Anyone who majors in a science: I have a lot of respect for you. Honestly. Good for you. I was into all of that physics-y, math-y stuff when I was in middle school, but that ship has long since sailed and I honestly think the world is the better for it (just imagine me as a pharmacist and I'll applaud the mental elasticity you must possess to make that stretch). I'm a humanities/liberal arts person. I love history and philosophy and literature and language and I'm proud of that. I'm studying what I like and I'm happy. That's right, I'm happy. And you know what? I'm going to find a job when I graduate. Yes, I'm making a declaration: I will be employed. I will find a job. And I'll go a step further: I'll find a job because I decided to major in a humanities (okay, little too far, but you get the point).
I'll soon be finalizing the decision that's scared me since I was, like, 12: I'm declaring a major, and I'm sticking to it (*cue applause*). I'm so confident, I'm planning on declaring two by next year at this time. And neither of them have anything to do with business or science (*cue funeral dirge*). I'm ignoring almost every piece of advice I've received. Every statistic and survey I read tells me I'm being stupid. The most "employable" majors are engineering/computer/business-focused and I'm over here signing up for history classes and French lectures. But I refuse to think I'm signing myself up for failure. Why? I'm studying what I love.
Chances are, I'm going to be unemployed at some point in my life. Life is hard, but that doesn't mean you necessarily need to be miserable about it. I'd rather be working some low-paying job I love after four years of studying a field I love even more than spend the next four years hating my coursework only to graduate and realize I hate the real-world application even more. I'll be making money, but I tend to think misery is a bit too high a price to pay for a substantial income, don't you think?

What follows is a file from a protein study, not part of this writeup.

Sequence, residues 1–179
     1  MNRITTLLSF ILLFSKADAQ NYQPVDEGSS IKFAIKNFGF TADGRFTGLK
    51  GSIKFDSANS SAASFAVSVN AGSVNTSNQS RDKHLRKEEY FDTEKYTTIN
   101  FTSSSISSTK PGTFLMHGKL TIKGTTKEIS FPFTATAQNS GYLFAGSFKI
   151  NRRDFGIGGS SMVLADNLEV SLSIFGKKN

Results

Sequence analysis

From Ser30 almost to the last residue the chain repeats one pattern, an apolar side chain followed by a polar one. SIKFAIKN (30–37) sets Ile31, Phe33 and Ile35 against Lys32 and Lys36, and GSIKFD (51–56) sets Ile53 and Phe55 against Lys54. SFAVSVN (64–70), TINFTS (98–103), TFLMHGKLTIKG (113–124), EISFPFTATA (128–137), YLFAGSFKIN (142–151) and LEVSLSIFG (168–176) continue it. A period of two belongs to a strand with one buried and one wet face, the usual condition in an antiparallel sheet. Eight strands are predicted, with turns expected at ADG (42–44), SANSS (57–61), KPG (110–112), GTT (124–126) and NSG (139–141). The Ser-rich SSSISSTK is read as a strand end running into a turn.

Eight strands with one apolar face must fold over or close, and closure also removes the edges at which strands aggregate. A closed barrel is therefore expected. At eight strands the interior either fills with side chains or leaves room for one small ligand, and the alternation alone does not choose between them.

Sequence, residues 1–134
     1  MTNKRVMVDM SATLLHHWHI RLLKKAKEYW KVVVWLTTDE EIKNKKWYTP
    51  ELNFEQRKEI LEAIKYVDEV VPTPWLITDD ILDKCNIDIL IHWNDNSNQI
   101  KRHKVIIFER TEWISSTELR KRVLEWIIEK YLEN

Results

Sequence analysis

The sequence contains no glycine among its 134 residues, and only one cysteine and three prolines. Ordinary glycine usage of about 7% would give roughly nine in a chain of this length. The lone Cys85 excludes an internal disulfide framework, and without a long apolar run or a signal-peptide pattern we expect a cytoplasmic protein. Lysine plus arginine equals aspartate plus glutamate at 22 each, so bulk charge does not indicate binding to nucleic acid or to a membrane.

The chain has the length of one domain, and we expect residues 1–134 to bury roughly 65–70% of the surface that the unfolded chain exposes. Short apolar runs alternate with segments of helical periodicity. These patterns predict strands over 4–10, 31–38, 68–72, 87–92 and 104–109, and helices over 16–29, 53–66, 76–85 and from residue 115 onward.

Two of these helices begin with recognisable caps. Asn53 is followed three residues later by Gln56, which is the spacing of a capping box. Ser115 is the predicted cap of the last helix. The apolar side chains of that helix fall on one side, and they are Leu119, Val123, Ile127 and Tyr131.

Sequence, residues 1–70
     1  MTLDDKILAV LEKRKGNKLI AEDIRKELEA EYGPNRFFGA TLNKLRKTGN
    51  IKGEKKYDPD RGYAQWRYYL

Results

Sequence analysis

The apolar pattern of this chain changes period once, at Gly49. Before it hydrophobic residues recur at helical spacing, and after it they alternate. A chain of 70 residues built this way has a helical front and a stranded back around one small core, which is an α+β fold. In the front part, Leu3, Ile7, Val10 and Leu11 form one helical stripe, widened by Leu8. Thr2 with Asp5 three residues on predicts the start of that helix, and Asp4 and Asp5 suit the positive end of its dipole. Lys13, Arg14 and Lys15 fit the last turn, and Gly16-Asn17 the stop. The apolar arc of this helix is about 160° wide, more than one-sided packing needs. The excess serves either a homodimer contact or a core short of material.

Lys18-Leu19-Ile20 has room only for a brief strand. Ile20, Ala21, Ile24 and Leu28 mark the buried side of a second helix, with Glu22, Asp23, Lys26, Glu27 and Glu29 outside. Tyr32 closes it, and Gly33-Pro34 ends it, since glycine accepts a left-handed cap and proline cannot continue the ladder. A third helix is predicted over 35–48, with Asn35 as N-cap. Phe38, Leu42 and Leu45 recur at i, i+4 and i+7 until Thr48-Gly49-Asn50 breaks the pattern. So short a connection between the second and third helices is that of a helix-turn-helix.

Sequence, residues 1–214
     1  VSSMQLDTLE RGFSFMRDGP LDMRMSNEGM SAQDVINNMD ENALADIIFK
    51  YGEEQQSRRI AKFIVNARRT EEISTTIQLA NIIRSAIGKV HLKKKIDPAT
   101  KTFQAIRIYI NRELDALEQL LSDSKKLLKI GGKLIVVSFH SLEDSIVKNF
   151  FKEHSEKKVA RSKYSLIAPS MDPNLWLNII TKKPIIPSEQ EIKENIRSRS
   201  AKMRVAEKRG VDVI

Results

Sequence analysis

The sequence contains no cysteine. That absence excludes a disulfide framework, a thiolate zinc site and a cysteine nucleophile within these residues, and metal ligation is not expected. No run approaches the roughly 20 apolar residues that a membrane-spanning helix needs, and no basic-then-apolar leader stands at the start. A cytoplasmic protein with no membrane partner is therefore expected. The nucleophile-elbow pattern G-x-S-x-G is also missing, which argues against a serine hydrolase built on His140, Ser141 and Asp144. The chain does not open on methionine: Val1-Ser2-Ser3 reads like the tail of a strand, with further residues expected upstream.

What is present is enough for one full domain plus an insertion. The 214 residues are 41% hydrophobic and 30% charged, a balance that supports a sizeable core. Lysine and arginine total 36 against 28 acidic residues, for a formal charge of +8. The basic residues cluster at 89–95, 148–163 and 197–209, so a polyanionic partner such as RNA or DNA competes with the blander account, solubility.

Some people genuinely love science. Some were born destined to run corporations or be physical therapists. But don't judge me because I'm not one of them. Some people just clicked with chemistry or biology or economics or insert-"respectable"-major-here. I did not. And just because myself and millions of other students didn't, doesn't mean that there's anything wrong with us. My advisor just told me that my major is ideal for business school and that liberal arts students tend to kill it on graduate school exams. Why? We read. Like, a lot. And most of the books are as scintillating as watching paint dry or The View (they aren't if you didn't get it). We also tend to have to write papers that require copious amounts of coffee and at least one thesaurus to get through. I'm not sure how, but these "skils" we develop prepare us for success in any field we choose (if you want to disagree, I'll redirect you to the CAS Advising Center).
So I'm majoring in international studies. She's majoring in sociology. He's majoring in English. We don't need your pity, because, well...we just don't. No one forced us to major in these so-called "useless" fields. Show me an unemployed English major and I'll point out any number of people who majored in what society deems to be "employable" struggling to find a job. Because at the end of the day, if the economy is horrible, the economy is horrible, and it doesn't discriminate against your college major. So stop throwing statistics in my face and I can get back to doing the PowerPoint I should have finished instead of writing this article.